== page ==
• My recipe assumes a mixer with dough hook. You can do it by hand, though I never have.

      Honey Whole Wheat Sandwich Bread

      Dry ingredients:

      1 pound + 2 ounces of flour (or 3 cups if you don’t have a scale. Any combination of white and whole wheat you want. You can even add half a cup of rye.)

      2 tsp salt

      2 tsp yeast

      2-3 Tbs ground flax seed (totally optional, but I love the depth of flavor it gives the bread. I stole that trick from Darwin Catholic’s pizza recipe years ago.)

      3-4 tsp vital wheat gluten. (Also optional. But especially handy if I use the rye flour. Gives the bread a much better structure because rye doesn’t have as much gluten.)

      Wet ingredients:

      1 cup milk

      1/2 cup water (or more if needed)

      (you can use all milk or all water, milk helps make the bread more tender.)

      3 Tbs honey (tip: coat your measuring spoon in oil so the honey drips right off. I usually measure out a tablespoon of oil into the bowl I’m going to let the bread rise in and then use the tablespoon to measure out the honey.)

      4 Tbs unsalted butter, melted


      1. Whisk dry ingredients together in mixing bowl– I use my KitchenAid to do the mixing and kneading, so I just measure directly into that bowl.

      2. Mix the milk and water and heat in microwave until it’s lukewarm, about 1.5 minutes. Add melted butter and honey and whisk until all the liquid is thoroughly mixed.

      3. Slowly add the wet stuff to the dry stuff while the mixer is running at the lowest speed. Once the ingredients are thoroughly combined, turn the Kitchen Aid to 2 and let it knead with the dough hook until the dough comes together in a ball with nothing left on the sides of the bowl and starts to look quite smooth, satiny almost and quite elastic. Maybe 10-15 minutes, depending on humidity. If I use rye, I sometimes have to add a bit more water to keep the dough from being too dry and I find that rye takes more kneading than just wheat. I have no idea how long the kneading would take by hand, I only ever make this one with the mixer even though I do other breads by hand.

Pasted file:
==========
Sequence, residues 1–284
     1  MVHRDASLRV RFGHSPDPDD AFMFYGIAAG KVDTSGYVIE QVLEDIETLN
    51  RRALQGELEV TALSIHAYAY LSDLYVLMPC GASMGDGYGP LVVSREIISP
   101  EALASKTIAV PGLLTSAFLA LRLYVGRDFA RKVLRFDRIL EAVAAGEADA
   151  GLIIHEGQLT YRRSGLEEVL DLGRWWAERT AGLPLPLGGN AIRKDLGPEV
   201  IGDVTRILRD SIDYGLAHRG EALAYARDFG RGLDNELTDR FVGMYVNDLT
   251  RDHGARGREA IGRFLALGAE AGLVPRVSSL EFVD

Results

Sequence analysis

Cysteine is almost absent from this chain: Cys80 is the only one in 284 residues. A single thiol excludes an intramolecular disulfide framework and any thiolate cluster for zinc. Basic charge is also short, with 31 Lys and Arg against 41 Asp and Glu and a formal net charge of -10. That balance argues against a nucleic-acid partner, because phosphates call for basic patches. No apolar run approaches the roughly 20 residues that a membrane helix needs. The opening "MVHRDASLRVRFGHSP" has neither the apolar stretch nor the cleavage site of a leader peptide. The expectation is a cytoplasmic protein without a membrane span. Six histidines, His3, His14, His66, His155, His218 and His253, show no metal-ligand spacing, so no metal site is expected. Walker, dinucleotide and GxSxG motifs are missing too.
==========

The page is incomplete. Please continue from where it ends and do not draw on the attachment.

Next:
4. When the dough looks smooth and flexible, stop the mixer and remove the dough hook. Form the dough into a ball, folding the sides down and tucking them under. Oil the sides of the bowl and roll the dough ball around until it’s coated in oil. Cover with plastic wrap and let rise for about 45 minutes. Especially in winter I turn on the oven to the lowest setting and let it preheat to temp then turn it off immediately. I let the dough rise in there so it takes much less time; but you have to be careful because if the oven is too hot it will start to cook the dough.

      5. When the dough has roughly doubled, remove from the bowl, turn onto a wooden board and punch down lightly. Starting at one end, roll into a long tube about as wide as your loaf pan is long, pinching the edges to make it tight. Then place dough seam side down in greased loaf pan and cover with plastic wrap.

      6. Place a pan in the bottom of the oven and preheat oven to 350. Also, put on some water to boil (I use my electric kettle). Let dough rise in loaf pan for about 20 minutes then pour boiling water into the pan in the bottom of the oven, place the loaf pan on the middle rack. Bake for 40-45 minutes. Turn onto a wire rack to cool completely before cutting.